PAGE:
Skip Navigation Links
Centers for Disease Control and Prevention
CDC CDC Home Search Health Topics A-Z
Contact Help Travelers Health n i p Home NIP header
First time visitor?
About NIP
Data and Statistics
International Efforts
Links to other web sites 
bullet Glossary/ Acronyms 

NIP sub-sites:
Flu Vaccine
Immunization Registries
Vaccines for Children Program
CASA (Clinic Assessment Program)
AFIX (Grantee Assessment)

NIP Site Search
For Immunization Information, call the
CDC-INFO Contact Center:
English and Spanish

Get Acrobat Reader
Get Adobe Reader
Home Health Care Professionals Homepage Partners Homepage Media Homepage Informacion en Espanol Media
Data and Statistics > Immunization Coverage in the U.S.
NIS (National Immunization Survey)
FAQs (frequently asked questions)
questions and answers
Questions and links to the answers:
  1. Why measure vaccination coverage?
  2. What is the purpose of the NIS?
  3. How are data for the NIS collected?
  4. What are the strengths of NIS?
  5. How can I interpret specific state coverage levels?
  6. What are the vaccination coverage estimates for my local area?

  1. Why measure vaccination coverage?

Data on vaccination coverage is used to identify groups at risk of vaccine-preventable diseases, to provide feedback coverage in an effort to increase coverage, and to evaluate the effectiveness of programs designed to increase coverage.

  1. What is the purpose of the NIS?

The NIS was established to provide an on-going, consistent data set for analyzing vaccination levels among young children in the US and disseminating this information to interested public health partners. The NIS provides national and state estimates of vaccination coverage–including new vaccines as they are licensed and recommended for use. It also helps us track progress towards Healthy People goals.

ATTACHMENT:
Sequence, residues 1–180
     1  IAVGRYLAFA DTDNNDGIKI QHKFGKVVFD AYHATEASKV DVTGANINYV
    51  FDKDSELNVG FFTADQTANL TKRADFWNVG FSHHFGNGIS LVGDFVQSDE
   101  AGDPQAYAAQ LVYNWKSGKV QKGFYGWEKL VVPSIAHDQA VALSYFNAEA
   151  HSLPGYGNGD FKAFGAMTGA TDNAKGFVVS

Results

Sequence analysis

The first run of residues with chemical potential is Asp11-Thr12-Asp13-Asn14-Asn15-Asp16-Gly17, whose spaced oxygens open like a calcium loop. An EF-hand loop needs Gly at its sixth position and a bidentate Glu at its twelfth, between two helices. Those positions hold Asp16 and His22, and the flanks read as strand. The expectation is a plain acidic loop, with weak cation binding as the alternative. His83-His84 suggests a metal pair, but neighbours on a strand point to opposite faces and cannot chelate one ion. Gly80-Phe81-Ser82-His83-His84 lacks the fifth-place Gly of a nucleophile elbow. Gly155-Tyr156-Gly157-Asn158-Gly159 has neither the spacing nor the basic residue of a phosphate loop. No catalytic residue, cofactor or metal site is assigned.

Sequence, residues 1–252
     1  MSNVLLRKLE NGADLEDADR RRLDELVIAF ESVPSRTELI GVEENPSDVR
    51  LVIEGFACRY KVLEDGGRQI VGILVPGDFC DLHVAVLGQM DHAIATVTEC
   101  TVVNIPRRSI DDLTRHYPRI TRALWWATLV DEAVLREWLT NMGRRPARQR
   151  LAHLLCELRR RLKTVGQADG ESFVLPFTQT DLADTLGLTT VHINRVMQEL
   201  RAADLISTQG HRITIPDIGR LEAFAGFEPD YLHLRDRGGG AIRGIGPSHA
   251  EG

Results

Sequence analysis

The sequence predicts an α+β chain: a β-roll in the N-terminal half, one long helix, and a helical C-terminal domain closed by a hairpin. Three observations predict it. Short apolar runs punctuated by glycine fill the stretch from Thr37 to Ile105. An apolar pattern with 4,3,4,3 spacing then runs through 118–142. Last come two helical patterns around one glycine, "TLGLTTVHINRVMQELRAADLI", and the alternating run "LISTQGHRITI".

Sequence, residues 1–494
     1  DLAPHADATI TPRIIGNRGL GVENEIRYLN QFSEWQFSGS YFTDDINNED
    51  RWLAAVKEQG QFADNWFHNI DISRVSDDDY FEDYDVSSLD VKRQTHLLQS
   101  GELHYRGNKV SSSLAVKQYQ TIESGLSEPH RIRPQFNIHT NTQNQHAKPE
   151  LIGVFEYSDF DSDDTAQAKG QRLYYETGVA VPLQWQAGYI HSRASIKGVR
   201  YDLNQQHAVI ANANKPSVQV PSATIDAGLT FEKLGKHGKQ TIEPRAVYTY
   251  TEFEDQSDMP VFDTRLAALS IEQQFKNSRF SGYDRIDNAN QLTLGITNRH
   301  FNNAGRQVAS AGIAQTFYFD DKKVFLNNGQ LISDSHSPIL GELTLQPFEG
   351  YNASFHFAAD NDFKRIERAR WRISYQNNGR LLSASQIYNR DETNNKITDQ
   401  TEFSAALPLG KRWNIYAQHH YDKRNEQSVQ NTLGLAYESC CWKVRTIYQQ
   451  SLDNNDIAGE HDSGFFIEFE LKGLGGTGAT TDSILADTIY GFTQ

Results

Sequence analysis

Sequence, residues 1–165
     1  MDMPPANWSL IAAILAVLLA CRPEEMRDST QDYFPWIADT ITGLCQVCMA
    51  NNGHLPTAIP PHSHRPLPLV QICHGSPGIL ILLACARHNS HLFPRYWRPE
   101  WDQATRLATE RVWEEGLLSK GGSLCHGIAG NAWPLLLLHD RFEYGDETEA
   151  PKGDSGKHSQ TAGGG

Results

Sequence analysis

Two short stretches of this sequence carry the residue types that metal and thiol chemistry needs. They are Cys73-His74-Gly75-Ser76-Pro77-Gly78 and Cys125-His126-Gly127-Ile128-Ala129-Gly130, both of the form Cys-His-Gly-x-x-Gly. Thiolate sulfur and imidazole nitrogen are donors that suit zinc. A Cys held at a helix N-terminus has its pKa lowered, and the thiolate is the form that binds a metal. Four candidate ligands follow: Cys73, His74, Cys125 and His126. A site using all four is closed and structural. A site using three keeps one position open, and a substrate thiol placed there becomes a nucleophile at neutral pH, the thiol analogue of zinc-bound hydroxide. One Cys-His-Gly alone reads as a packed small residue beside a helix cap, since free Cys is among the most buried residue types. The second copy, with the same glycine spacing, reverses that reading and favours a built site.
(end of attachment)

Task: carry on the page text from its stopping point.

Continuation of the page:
1. How are data for the NIS collected?

We use random-digit-dialing to find households with children aged 19 to 35 months. We ask parents or guardians to tell us the vaccines–with dates–that appear on the child’s "shot card" kept in the home, and we also collect demographic and socioeconomic information. At the end of the interview, we ask for permission to contact the child's vaccination providers. Providers are then contacted by mail to verify each child’s vaccinations.

  1. What are the strengths of NIS?

The NIS uses a nationally representative sample, and provides estimates of coverage that are weighted to represent the entire population, nationally, and by region, state, and selected large metro areas. The large sample size allows us to stratify (that is, subdivide) the data so that we can examine vaccination rates among different groups, for instance, by income level, race, education level of mothers, and other factors.

  1. My state’s coverage level is lower than last year, but our vaccination program is strong and we did not expect a drop. How should we interpret this information?

Remember, NIS provides estimates that include a margin of error. That’s because it is a sample survey. Even though the sample is quite large–about 30,000 children–it is just one of many possible samples. A different sample would result in a different–but probably quite similar–estimate. The drop could be due to chance.

  1. What are the vaccination coverage estimates for my local area?

The NIS estimates vaccination coverage for the 50 states and 28 selected urban areas. Due to sampling methods and sample size constraints of the NIS, coverage for smaller geographical areas can not be estimated.

Top of page

National Immunization Program (NIP)
NIP Home | Contact Us | Help | Glossary | About | Accessibility

This page last modified on July 16, 2001


Department of Health and Human Services
Centers for Disease Control and Prevention
CDC Home
  |  CDC Search  |  CDC Health Topics A-Z